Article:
This year Caroline and I will be presenting another collaborative project: Soul Food Love: Healthy Recipes Inspired by One Hundred Years of Cooking in a Black Family. This book owes its existence, in large part, to the inspiration of John Egerton, author of Southern Food (and many other books, including the Robert Kennedy Award-winning civil-rights history, Speak Now Against the Day). John was present from the very inception of the Southern Festival of Books, and he became my mentor. He was the person who recognized, almost before Caroline and I did, that our family culinary history would be of value to other families, and it breaks my heart that John didn’t live to see this book into print. I may appear to be standing up when we present Soul Food Love, but inside I will be tore down. Presenting this book at John’s festival is going to be almost impossible to do without crying.
When I look back at the picture the Tennessean photographer took of Caroline at three, what surprises me most is what hasn’t changed about Caroline—and what hasn’t changed about the festival.
The blue bow, something from a present that she seized and employed to tie her hair up high and cattywumpus, is a tell that she will make new things out of old things. My evening purse slung on her wrist is a tell that she will follow in my footsteps. The swashbuckling way she criss-crossed the straps of her kilt across the front of her chest instead of her back is a tell that she will be original and bold. The hot pink tights I’m wearing because she made me wear them is a tell that she will be bossy. The curiosity in her eyes is a tell that her perspective shifted early, and will always be a little bit different.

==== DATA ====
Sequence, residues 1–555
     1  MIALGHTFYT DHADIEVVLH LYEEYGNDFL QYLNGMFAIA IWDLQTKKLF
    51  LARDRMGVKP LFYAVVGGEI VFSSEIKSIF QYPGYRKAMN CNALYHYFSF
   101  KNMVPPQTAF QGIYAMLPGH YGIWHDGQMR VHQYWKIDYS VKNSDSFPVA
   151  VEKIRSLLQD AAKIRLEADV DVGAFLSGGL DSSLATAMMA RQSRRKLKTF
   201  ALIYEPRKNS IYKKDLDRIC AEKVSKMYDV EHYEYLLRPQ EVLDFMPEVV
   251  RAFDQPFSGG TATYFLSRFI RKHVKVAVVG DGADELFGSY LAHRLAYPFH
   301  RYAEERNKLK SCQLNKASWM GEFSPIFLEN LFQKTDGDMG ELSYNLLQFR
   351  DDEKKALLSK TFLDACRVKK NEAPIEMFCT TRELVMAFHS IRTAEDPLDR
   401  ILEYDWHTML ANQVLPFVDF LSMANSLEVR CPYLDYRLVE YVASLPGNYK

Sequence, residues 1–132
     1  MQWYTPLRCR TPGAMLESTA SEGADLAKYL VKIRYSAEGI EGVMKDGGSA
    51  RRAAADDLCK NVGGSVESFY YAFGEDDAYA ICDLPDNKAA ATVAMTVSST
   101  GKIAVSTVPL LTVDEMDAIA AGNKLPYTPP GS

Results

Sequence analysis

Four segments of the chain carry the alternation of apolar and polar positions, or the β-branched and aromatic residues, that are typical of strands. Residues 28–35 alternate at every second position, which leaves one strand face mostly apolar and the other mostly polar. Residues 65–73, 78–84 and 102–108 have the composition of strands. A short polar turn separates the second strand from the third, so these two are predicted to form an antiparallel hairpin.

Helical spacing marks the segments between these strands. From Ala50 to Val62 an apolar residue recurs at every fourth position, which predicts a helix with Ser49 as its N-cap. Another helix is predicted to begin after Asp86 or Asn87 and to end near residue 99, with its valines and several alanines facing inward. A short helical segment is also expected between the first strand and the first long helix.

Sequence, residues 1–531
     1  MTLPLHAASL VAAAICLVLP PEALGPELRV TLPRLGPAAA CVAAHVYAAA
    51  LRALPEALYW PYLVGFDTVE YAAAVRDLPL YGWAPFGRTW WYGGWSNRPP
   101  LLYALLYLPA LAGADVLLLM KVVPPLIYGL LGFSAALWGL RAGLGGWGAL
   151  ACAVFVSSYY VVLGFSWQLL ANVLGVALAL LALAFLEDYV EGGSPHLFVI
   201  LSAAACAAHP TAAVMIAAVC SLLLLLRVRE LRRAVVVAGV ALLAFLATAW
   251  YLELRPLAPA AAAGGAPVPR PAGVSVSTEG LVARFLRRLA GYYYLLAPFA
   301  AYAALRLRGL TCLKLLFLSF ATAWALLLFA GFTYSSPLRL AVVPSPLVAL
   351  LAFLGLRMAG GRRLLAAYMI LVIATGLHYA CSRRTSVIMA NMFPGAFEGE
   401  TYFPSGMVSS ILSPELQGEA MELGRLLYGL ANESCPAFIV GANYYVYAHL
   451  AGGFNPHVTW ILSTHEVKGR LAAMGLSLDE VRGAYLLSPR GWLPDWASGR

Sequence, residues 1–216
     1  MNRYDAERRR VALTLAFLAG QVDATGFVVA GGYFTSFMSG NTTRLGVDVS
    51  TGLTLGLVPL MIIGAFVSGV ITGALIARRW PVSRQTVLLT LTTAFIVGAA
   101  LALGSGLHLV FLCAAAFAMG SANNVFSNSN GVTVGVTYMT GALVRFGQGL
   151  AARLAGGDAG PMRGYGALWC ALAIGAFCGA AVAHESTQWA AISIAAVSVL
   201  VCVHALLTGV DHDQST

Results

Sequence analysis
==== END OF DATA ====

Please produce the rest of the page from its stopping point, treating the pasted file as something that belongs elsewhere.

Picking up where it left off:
Way back then, Caroline had already been to the tiptop of the stairs rising above Legislative Plaza—rising above it like a Ferris wheel. From way up high, everything fits in. Everything is beautiful; all the people belong. All the stories come together and make up one big story.
And the festival—what hasn’t changed about it? Twenty-seven years ago, if you had asked me about the best time to visit Nashville, I would have said the second weekend in October—the weekend of the Southern Festival of Books. It’s a guaranteed good time. Rain or shine. At the festival, just showing up to hear the same author is considered invitation enough to engage your seatmate in conversation. Attending the Southern Festival of Books is the closest a visitor can come to being an instant insider in Nashville, where the New South begins. If you asked me that question today, I would say the same damn thing.
Copyright (c) 2015 by Alice Randall. All rights reserved. Nashville novelist Alice Randall is the author of The Wind Done Gone, Pushkin and the Queen of Spades, Rebel Yell, and Ada’s Rules. Her latest book, Soul Food Love, is a cookbook memoir co-written with her daughter, Caroline Randall Williams.